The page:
Cross-Border Shipping

Do you have products shipped from the United States into Canada? There are some possible pitfalls and complications you should be aware of. I talked to Keith Alton of White Rock Courier, who offers this advice:

It’s really easy as 1, 2, 3.

1.  Be prepared by taking the time to establish the necessary infrastructure of setting up accounts with a reliable Canadian Customs Broker, a safe and secure warehouse close to the border and a secure and reliable transportation company that can efficiently handle short hops across the border.

a) You don’t want to be in a position where you have a shipment stuck at the border waiting to cross into Canada and not have an established rapport and account with a Canadian Customs Broker.  Being unprepared at this point is not only extremely time consuming it can also become very expensive very quickly.

b) Establishing a safe and secure warehouse or “Ship to” location near the border can usually be accomplished through either your Canadian Custom Broker or your local Canadian cross border carrier.

c) In selecting your carrier for your short hops across the border make certain that they do handle short hops.  If your shipment coming to you in the Lower Mainland is sitting in Blaine, Washington, most major carriers will send it to Seattle or in some cases as far south as Portland, Oregon. For Canadian-bound shipments, this sort of handling is time consuming and expensive.  You are seeking a carrier that can pickup your shipment in Blaine and bring it up to you in Canada without sending it on the scenic tour.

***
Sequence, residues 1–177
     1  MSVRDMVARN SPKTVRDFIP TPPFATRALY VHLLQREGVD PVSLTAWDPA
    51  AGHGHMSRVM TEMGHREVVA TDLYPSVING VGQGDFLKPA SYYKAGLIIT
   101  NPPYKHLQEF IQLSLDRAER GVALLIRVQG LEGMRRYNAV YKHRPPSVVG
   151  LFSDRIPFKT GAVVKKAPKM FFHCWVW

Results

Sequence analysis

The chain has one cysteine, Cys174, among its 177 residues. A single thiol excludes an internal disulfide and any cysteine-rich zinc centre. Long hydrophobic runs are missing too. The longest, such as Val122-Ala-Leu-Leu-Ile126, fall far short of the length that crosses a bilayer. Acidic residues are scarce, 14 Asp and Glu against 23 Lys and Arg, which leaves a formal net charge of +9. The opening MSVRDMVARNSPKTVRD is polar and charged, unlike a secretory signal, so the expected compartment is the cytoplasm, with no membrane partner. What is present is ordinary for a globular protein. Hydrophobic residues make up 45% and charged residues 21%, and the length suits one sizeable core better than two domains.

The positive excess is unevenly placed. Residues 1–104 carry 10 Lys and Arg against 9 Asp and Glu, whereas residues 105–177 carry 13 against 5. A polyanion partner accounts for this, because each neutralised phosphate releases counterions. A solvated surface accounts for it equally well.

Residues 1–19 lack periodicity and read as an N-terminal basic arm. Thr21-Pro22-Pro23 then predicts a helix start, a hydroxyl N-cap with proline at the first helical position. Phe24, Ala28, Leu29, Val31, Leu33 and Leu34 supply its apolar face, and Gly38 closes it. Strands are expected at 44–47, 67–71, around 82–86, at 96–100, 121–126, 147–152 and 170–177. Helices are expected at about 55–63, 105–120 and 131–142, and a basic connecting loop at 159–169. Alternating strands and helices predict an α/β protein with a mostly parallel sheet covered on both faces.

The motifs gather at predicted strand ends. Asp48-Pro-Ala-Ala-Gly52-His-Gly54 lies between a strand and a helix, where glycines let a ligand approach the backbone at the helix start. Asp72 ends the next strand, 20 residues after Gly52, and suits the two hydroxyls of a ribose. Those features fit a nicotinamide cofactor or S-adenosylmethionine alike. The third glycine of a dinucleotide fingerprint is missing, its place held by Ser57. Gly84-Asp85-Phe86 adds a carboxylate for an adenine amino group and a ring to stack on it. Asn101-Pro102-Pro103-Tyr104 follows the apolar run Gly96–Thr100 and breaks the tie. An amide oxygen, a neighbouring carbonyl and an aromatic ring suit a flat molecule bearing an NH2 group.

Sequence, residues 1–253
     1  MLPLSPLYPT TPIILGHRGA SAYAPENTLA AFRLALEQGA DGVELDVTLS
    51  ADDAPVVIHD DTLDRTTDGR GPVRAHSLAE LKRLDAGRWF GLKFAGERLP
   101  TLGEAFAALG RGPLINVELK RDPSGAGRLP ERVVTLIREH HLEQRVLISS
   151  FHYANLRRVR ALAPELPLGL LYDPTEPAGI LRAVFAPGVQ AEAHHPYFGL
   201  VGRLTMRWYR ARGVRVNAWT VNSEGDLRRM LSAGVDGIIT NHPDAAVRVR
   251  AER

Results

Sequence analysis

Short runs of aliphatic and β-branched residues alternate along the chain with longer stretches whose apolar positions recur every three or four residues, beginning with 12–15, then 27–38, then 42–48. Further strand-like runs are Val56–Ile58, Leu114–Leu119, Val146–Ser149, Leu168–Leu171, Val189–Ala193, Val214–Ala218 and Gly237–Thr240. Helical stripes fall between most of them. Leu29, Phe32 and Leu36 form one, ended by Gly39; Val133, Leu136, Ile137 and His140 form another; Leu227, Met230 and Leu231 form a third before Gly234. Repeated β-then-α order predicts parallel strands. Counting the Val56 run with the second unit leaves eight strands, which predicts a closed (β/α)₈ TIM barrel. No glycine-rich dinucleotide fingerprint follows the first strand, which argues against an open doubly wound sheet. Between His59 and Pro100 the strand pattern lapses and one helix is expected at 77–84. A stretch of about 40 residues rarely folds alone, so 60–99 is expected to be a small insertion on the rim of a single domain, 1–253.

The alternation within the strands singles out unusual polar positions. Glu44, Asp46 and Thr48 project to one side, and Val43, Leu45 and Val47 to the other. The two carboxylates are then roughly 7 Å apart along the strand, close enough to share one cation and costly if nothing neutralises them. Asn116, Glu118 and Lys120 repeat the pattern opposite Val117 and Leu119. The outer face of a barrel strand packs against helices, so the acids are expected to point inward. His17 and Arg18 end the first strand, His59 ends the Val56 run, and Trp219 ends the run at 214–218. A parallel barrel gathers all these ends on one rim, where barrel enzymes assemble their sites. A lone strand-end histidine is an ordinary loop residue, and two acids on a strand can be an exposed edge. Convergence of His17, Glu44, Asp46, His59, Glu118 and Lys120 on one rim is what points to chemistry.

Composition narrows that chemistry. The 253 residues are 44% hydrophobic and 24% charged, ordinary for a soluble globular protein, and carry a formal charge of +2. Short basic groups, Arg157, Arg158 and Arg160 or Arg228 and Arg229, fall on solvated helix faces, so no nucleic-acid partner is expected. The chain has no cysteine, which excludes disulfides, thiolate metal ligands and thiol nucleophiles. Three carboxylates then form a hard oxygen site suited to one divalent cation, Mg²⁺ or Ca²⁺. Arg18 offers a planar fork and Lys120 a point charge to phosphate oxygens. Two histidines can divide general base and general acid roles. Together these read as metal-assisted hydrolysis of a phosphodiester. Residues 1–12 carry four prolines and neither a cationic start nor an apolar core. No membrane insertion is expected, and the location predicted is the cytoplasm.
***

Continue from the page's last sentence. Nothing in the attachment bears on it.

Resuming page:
2.  Many U.S. vendors will offer to send your shipment “FREE” anywhere in the U.S., but will charge a small ransom to ship directly into Canada.  This is where you have taken the time to establish a “Ship to” address in the U.S. close to the border, and this is where your rapport with your Canadian carrier or Canadian Customs broker is priceless.  The U.S. receiving location will advise you, your carrier and your customs broker that your shipment has arrived at their facility.  Your carrier and customs broker need to work together to get your shipment prepared for presentation to Canada Customs, cleared through the border for the final delivery to you, or forwarded to your clients directly.  Occasionally there are misunderstandings between some carriers and customs brokers which can cause a shipment to be delayed for several days or even weeks.  A delay at the border may cause the loss of a sale and occasionally the loss of a client so it is very important to choose a carrier and a customs broker that are both well respected in both industries.

3. Once your shipment is Canada Customs cleared and across the border you need a carrier that can handle your delivery requirements on your time schedule.  Some carriers may hold your shipment for several days before they send it out for delivery while some carriers may have it delivered to you or your client the same day it clears Canada Customs.  Some business do wish to have their shipments held while others prefer a prompt delivery, it is important to work with a carrier that is willing to work with you and your clients.

The key is being prepared by establishing accounts with carriers and Customs Brokers well before shipments start arriving.

As a designer and print broker, I can appreciate the economies of using a professional with the appropriate connections and facilities in place. You can always do it yourself, but it can be time consuming with a steep (and often expensive) learning curve. Keith’s company, White Rock Courier, is a company that specializes in handling short-hop cross-border shipments for their clients. If you don’t have an established account with a Canadian Customs broker give him a call and they’ll give you some suggestions on which brokers may best handle your products. For more information and for contact information, visit their website at  www.whiterockcourier.com

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